Banner-Northern Colorado CEO: Health care reform debate driving uncertainty, layoffs in health care
March 25, 2017
About Margo Karsten
» Age: 54
» CEO: Banner Health-Northern Colorado
» Experience: 2016-present, CEO for Banner Health-Northern Colorado. 2013-2016, CEO for Cheyenne Regional Medical Center. 2011-14, CEO, Creative Health Care management. 2009-2011, faculty affiliate, University of Colorado Denver, Regis University. 2006-09, COO/CNO, Exempla Saint Joseph.1997-2005, CEO/COO, Chief Nursing Officer, Poudre Valley Health System.
» Education: Ph.D. in organizational development, Human Resources, Colorado State University; master’s degree in nursing administration, University of New Mexico; bachelor’s degree in nursing, University of Minnesota.
Political uncertainty goes a long way to explaining the layoffs and staff reductions roiling Phoenix-based Banner Health, North Colorado Medical Center and heath-care systems across the country.
That's the conclusion of Banner Health-Northern Colorado CEO Margo Karsten. She offered that assessment during a wide-ranging hour-long interview from her office at NCMC, 1801 16th St., which Banner Health manages. Karsten oversees the Greeley hospital, along with McKee Medical Center in Loveland and Banner Fort Collins Medical Center, which opened in 2015. That hospital was built in part to help Banner serve the growing number of patients that are covered by its partner, Kaiser Health, officials said.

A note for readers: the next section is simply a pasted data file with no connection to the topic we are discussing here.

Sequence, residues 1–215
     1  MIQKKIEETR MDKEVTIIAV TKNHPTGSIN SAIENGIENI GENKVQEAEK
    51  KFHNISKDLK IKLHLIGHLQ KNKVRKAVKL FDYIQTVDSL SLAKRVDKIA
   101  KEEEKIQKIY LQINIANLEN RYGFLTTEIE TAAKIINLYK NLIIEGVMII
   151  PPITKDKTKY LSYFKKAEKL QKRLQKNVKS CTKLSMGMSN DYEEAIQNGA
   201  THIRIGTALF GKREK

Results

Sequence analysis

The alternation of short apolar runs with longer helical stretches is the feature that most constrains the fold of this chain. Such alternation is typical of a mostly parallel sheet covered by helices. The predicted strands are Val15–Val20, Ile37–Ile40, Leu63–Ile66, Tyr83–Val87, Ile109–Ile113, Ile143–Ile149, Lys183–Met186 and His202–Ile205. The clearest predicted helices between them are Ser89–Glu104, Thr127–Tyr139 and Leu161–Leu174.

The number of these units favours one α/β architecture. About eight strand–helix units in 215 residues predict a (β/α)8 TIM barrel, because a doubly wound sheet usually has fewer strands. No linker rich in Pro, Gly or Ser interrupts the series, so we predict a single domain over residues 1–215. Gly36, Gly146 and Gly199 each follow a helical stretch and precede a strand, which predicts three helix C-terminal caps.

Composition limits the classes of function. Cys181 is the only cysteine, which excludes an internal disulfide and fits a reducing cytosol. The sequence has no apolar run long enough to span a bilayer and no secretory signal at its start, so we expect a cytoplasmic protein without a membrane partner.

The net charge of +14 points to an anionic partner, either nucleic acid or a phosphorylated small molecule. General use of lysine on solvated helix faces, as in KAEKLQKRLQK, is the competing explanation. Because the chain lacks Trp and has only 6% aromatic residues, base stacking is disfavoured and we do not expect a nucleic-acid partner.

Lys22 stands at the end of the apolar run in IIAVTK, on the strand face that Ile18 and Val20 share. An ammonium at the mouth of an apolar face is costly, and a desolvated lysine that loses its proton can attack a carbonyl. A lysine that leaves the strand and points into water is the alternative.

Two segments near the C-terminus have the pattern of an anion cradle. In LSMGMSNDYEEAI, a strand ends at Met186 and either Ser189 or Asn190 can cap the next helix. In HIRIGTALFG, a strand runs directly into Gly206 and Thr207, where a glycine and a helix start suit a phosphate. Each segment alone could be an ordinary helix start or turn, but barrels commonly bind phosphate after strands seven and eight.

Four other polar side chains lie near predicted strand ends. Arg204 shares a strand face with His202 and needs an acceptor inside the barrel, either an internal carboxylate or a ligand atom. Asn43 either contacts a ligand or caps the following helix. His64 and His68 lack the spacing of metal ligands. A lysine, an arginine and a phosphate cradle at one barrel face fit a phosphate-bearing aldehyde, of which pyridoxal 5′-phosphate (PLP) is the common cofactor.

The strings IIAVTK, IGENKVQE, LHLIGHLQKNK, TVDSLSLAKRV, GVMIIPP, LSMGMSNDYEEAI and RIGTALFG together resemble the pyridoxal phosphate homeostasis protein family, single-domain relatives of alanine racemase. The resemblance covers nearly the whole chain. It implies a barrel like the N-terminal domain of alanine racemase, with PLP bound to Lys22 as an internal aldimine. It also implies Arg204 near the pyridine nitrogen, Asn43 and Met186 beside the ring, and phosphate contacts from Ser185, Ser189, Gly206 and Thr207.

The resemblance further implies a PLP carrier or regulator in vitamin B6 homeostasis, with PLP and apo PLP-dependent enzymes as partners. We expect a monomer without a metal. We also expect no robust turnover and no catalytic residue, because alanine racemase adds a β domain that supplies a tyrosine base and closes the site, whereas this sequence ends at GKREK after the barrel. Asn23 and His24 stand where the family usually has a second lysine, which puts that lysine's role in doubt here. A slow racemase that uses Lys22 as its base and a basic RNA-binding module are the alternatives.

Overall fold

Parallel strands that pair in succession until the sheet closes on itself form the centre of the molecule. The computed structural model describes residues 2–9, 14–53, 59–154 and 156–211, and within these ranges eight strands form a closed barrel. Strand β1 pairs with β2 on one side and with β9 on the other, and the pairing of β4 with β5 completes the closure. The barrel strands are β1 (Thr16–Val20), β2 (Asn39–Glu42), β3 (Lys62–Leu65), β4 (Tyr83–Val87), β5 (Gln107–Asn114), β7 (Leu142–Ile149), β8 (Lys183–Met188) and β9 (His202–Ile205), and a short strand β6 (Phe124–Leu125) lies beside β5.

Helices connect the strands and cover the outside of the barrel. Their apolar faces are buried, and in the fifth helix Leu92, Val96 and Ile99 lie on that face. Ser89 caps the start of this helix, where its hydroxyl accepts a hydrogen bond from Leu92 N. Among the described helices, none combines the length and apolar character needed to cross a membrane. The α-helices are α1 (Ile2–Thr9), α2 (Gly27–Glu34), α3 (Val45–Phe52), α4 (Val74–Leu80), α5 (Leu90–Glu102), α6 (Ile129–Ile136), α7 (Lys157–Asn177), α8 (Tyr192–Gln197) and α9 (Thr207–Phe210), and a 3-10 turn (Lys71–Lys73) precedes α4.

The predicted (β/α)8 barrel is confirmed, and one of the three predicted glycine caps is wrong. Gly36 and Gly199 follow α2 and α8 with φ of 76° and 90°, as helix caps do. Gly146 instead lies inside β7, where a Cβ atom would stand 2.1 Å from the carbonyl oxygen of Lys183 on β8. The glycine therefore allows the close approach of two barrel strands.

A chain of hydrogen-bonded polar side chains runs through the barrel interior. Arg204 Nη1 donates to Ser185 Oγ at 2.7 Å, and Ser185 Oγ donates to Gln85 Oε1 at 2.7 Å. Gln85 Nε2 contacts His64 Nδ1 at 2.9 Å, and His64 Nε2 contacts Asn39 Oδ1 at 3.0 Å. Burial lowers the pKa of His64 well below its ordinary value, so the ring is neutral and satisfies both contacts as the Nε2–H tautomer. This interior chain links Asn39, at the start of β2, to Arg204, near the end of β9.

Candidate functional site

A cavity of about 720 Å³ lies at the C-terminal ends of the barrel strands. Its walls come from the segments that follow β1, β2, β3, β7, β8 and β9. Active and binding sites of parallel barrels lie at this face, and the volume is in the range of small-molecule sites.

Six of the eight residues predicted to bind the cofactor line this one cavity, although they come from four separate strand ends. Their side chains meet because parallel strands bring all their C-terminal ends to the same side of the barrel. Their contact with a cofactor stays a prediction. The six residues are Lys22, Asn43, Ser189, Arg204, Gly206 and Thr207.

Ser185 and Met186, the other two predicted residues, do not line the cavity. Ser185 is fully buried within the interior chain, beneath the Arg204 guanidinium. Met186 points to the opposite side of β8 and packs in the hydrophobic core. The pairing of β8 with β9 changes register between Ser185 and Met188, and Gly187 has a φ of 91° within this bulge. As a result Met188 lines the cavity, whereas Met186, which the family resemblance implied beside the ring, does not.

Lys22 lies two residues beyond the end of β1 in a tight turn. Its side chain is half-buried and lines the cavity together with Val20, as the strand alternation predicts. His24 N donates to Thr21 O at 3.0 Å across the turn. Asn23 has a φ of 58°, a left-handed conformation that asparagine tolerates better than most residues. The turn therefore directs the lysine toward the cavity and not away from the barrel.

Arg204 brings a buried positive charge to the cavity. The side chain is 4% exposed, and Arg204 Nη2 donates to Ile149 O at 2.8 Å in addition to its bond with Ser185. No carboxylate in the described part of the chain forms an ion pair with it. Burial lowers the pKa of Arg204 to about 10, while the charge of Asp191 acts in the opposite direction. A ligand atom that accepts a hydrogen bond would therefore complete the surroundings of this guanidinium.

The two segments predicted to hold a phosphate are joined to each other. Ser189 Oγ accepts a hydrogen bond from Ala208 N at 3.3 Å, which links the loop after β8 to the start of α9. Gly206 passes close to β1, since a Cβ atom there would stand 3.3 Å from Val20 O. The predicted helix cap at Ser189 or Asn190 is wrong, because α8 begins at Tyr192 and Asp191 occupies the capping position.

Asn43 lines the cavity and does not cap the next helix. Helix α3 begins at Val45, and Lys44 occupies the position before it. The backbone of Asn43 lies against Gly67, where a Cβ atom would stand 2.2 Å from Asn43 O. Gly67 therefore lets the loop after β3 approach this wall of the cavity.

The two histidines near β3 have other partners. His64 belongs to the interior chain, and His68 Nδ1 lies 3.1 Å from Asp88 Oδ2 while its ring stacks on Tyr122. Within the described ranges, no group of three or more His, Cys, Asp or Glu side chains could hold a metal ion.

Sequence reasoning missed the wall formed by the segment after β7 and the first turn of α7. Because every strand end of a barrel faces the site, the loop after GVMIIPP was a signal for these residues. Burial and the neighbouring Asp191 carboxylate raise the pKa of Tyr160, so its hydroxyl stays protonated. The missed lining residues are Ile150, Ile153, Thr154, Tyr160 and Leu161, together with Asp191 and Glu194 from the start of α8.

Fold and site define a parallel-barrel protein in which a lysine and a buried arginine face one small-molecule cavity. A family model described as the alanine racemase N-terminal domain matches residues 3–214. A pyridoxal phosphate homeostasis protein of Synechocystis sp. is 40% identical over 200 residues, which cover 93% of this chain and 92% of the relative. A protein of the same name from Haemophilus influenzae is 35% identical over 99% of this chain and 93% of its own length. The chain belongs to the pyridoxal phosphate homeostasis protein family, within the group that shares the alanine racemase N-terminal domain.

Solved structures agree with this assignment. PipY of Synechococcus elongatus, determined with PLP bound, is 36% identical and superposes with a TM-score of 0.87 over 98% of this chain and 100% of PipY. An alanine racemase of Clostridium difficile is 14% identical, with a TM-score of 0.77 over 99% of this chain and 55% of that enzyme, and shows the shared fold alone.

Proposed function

The Banner layoffs, which come at a time when NCMC has been named among the Top 50 hospitals in the country for three straight years by an independent evaluator, have remained stubbornly opaque. Karsten herself offered few details. She did point to other health systems that faced similar challenges. For example, she said, Houston-based MD Anderson Cancer Center cut its staff earlier this year by 1,000 positions, roughly a 20 percent reduction.
"I don't see that magnitude hitting us here, but even one person is painful," she said. "We're in the midst of it. We should know something in, I'd say, the next few weeks to understand the direct impact."
Other Banner officials — including NCMC spokesman Gene Haffner and Banner spokesman Paul Matthews — have declined to answer numerous questions form The Tribune seeking details about the cuts. Matthews would say only that the cuts affected a small number of positions and would not affect patient care.
Still, when Karsten spoke with The Tribune — before House Speaker Paul Ryan, R-Wis., pulled his health care reform bill from the House floor on Friday — she pointed to three main factors as driving uncertainty for the Banner hospitals in northern Colorado and forcing officials to keep a watchful eye on expenses.